Another reasonably successful new element to the tried-and-tested first-person shooter formula is the character interaction system. Not all of the folk that the player encounters will be hostile. It is often a good idea to approach new characters with your weapon holstered and attempt to strike up conversation (although you only have two conversation options, friendly and antagonistic). Peaceful characters will often give you useful information or offer to make a deal. Doggedly sociopathic players will be relieved to hear that there are no characters that absolutely have to be buttered up to allow the game to progress, and when someone outlives their usefulness you can feel free to whack them over the head and steal their wallet. While this 'kill or cooperate?' gimmick is well-used at first, by the end of each area, the gameplay descends into an old-fashioned bloodbath as dozens of unquestionably hostile goons will arrive to try to stop the player from escaping to the next area.

Graphically, the game is a step up from Quake 2, with higher resolution textures, a liberal scattering of scenery objects, more subtle use of coloured lighting and some nice particle effects (including sparks and the trademark Gray Matter flamethrower which would be seen again in Return to Castle Wolfenstein). Stylistically, Kingpin has the edge over Half-Life which was released a few months earlier, with textures and colour schemes that look slightly more naturalistic than Half-Life's flat, airbrushed look. The game has rather obviously been targeted at the 3dfx Voodoo 2 and NVIDIA Riva TNT 3D accelerator cards that were the standard at the time. (It is the first 3D game I can remember that made decent use of 32-bit colour.) The character models have aged particularly badly, the erratic animation and lighting techniques making them wobble around like some kind of amorphous jelly-people.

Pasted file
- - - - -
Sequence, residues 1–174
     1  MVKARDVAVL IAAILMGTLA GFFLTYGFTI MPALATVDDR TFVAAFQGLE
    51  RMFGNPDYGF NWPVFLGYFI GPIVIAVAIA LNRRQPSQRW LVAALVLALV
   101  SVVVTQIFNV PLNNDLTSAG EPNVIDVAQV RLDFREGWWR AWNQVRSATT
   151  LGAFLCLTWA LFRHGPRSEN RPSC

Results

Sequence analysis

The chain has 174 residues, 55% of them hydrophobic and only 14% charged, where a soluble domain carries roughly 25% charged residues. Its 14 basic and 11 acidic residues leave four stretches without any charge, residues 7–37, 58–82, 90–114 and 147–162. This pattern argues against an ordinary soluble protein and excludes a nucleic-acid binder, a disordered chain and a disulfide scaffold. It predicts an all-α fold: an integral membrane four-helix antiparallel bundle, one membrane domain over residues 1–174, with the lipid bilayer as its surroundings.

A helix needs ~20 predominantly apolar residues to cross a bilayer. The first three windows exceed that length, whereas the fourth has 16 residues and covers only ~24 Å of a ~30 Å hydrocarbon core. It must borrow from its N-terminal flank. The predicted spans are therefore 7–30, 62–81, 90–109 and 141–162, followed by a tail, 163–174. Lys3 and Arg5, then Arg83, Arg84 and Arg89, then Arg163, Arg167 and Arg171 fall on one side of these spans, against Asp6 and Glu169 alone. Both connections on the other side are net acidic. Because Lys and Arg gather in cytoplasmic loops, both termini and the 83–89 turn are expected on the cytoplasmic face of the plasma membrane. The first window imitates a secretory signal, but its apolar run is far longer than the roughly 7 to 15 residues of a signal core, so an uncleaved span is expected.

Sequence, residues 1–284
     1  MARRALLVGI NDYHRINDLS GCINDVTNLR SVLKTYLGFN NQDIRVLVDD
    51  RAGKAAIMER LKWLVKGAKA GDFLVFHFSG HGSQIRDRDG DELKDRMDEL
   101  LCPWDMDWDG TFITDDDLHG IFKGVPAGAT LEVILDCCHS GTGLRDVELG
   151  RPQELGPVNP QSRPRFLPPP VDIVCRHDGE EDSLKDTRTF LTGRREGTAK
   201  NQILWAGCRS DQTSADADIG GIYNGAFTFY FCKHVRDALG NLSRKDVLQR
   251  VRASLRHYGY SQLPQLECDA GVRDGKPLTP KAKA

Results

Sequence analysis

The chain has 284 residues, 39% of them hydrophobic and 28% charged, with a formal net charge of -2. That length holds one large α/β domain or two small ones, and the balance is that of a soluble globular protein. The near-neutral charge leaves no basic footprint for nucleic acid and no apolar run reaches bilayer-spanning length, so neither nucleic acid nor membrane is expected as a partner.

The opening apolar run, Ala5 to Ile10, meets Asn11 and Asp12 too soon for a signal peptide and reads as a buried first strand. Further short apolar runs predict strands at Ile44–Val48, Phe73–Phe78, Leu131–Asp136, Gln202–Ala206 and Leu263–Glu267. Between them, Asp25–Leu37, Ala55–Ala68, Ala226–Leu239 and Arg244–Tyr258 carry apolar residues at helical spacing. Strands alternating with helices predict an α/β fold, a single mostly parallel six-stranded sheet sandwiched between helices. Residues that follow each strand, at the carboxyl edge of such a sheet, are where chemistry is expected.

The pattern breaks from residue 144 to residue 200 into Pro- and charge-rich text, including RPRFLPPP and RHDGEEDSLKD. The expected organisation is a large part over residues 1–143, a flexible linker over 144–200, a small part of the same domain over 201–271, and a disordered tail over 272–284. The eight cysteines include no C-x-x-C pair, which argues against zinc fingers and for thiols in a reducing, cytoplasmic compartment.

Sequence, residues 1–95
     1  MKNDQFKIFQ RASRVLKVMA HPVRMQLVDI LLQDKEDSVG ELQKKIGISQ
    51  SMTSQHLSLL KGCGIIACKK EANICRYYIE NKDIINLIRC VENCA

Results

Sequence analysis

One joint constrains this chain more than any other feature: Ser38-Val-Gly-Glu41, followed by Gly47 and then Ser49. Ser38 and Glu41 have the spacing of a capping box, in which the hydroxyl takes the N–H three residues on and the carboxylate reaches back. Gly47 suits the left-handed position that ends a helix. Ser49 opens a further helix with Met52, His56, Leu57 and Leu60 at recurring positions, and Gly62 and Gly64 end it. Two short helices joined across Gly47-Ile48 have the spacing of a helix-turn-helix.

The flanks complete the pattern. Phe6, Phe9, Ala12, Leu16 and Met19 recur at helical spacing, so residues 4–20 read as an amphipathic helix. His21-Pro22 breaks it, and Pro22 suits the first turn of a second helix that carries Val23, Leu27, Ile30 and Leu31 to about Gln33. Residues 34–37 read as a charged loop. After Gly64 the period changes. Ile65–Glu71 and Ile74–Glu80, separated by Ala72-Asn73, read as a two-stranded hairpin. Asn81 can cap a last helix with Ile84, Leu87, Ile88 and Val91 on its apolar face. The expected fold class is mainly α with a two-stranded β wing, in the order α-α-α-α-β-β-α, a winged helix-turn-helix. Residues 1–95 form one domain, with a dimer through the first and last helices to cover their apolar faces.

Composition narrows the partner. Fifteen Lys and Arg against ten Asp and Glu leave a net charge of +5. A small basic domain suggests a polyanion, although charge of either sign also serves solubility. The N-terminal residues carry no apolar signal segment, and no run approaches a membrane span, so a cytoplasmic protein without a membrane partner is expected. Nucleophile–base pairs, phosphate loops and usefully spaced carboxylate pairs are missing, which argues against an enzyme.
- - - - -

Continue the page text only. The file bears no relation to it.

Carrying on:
Sonically the game is fairly typical of the genre at the time, with the exception of the aforementioned cursing. The soundtrack licenses three tracks from Cypress Hill's IV album, as well as some looped instrumental samples. (Interestingly, considering the choice of subject matter and music, there are no drug references in the game.)

Kingpin inevitably loses out to comparisons with Half-Life, but that doesn't mean that it's a bad game. (After all, some critics would have us believe that Half-Life still hasn't been bettered five years after its release.) There is an over-reliance on gimmicks and a feeling that the game is underdeveloped, which results in the single player campaign degenerating into a repetitive exercise: kill everyone, search the sprawling and featureless levels for a hidden object, and then do it again in a slightly different setting; repeat until bored. The multiplayer game, building as it does on Quake 2's already excellent foundations, redeems it to an extent, with an enjoyable team-based mode ('Bagman', where teams must crack their opponents' safe and try to amass the most money) adding a nice twist to the standard Capture the Flag.

The game has been available as a budget release for some time now, and shouldn't set you back more than a few dollars/pounds/euro. First-person shooter fans (particularly those with access to a LAN of older PCs) looking for an interesting diversion could do far worse than give it a go.

Cliché spotters should be aware that this game includes many crates, warehouses, sewers and burning barrels.